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The Four Gospels : Matthew Mark, Luke, and John. The Synoptic Gospels : Matthew. The Four Gospels : Matthew. Although Matthew is the first book in the New Testament, it probably wasn’t written first. Records historic facts that form the basis of our faith.

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the four gospels matthew mark luke and john
The Four Gospels:

Matthew Mark, Luke, and John

The Synoptic Gospels:


The Four Gospels:


  • Although Matthew is the first book in the New Testament, it probably wasn’t written first.
  • Records historic facts that form the basis of our faith.
  • Explains the details revealed about Christ’s earthly life.
  • “Good news”
    • Every valuable fact about Jesus learned ONLY from the gospels!
The Four Gospels
  • Events that paved the way for the spread of the gospel:
    • Career of Alexander the Great
    • Rise of the Roman Empire
    • Dispersion of the Jews
      • Greek gave the world unity of language.
      • Rome brought social order and roads on which to travel.
      • Scattering Jews undermined heathen religions.
The Four Gospels
  • The gospel was first preached in Jerusalem.
  • Preached in the Greek language.
  • Early Christians were scattered throughout the Roman world.
    • Inscription above the cross was in Hebrew, Greek, and Latin languages.
    • Testimony of Christ’s claims. He suffered to unite all nations into one family of God!
The Four Gospels
  • In many ways, Matthew, Mark, and Luke are alike, while at the same time being unlike John.
  • This is why Matthew, Mark, and Luke are called synoptic gospels.
  • The synoptic gospels dwell on Jesus’ ministry in Galilee; John features the ministry in Judea.
The Four Gospels
  • Matthew, Mark, and Luke tell us the detail of one of Jesus’ visits to Jerusalem—the one that ended with His crucifixion.
  • John records the four Jerusalem visits prior to that last one.
    • First three: miracles, parables, addresses to the multitudes—more objective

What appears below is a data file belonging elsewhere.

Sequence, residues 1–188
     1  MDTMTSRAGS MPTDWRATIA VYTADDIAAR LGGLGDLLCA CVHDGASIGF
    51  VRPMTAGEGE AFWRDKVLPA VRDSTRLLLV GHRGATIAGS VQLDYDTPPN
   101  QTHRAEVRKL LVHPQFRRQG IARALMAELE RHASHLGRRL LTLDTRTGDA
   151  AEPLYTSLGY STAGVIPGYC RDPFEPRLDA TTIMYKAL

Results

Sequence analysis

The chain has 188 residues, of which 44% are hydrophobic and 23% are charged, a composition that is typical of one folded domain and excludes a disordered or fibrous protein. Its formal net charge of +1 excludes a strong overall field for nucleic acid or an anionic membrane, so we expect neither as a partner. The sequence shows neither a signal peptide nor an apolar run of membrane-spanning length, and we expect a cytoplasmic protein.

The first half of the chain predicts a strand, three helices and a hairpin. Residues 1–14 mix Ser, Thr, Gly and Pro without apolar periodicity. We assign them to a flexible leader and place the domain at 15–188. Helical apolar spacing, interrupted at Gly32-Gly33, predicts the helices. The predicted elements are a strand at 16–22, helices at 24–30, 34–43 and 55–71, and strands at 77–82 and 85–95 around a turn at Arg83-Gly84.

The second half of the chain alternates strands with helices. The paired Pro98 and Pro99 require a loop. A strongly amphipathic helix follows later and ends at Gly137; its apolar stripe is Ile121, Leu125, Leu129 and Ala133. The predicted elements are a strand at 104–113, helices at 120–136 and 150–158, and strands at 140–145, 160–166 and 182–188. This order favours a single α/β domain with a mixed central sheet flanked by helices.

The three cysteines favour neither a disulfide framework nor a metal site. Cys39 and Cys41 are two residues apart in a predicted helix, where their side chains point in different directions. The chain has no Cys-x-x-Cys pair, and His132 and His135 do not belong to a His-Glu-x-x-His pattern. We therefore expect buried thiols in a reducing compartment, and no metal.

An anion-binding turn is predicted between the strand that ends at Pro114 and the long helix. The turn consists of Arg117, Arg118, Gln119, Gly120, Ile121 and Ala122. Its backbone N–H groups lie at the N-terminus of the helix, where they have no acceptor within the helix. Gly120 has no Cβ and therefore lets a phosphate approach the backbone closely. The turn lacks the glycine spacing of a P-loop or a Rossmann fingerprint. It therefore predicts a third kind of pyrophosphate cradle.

• Fourth: emphasizes spiritual meaning and is more subjective
The Four Gospels
  • Each writer had a distinctive purpose in view.
    • Matthew 1:1; Mark 1:1; Luke 1:1-4; John 20:30,31
  • Written gospel messages were preceded by the oral preaching of the messages.
  • Each gospel was directed toward a certain class of people.
    • Matthew primarily to the Jews
    • Markwrote from the Roman point of view
    • Luke addressed the Greeks
    • John is sometimes called the universal gospel.
The Four Gospels
  • The Holy Spirit’s superintending and directing power prevailed in the selection of the contents of the books.
    • John 15:26; 2 Peter 1:20,21
  • Use of human personalities, experiences, and abilities, with Divine guidance from the Holy Spirit.
  • Books begin with Jesus’ birth; conclude with His ascension.
Matthew – the Author
  • Matthew was well-equipped for the task of writing to the Jews.
  • A tax collector under Herod Antipas
  • Knew his native tongue (Hebrew, or Aramaic)
  • Name changed from Levi to Matthew
  • Humble; referred to himself as a publican
  • Recorded no incidents concerning himself—a humble and retiring position
Matthew – When Written
  • First of the four gospels written
  • The church would need such a history from the pen of an actual apostle.
  • Must have predated the destruction of Jerusalem (Matthew 24)
  • Probably written between A.D. 55 and 68
Matthew – Purpose of His Gospel
  • A link between the Old and New Testaments.
  • Beginning of NT appropriate time for the Jewish reader.
  • Gospel of the Messiah—the anointed one.
  • To trace Christ’s genealogy back to Abraham.
Matthew – Purpose of His Gospel
  • Two-fold purpose:
    • To connect the message of the Old Testament with the gospel
    • To demonstrate the fulfillment of the Old-Testament prophecies through the coming of Jesus of Nazareth as the Messiah, the King.
Matthew – Calls Attention to…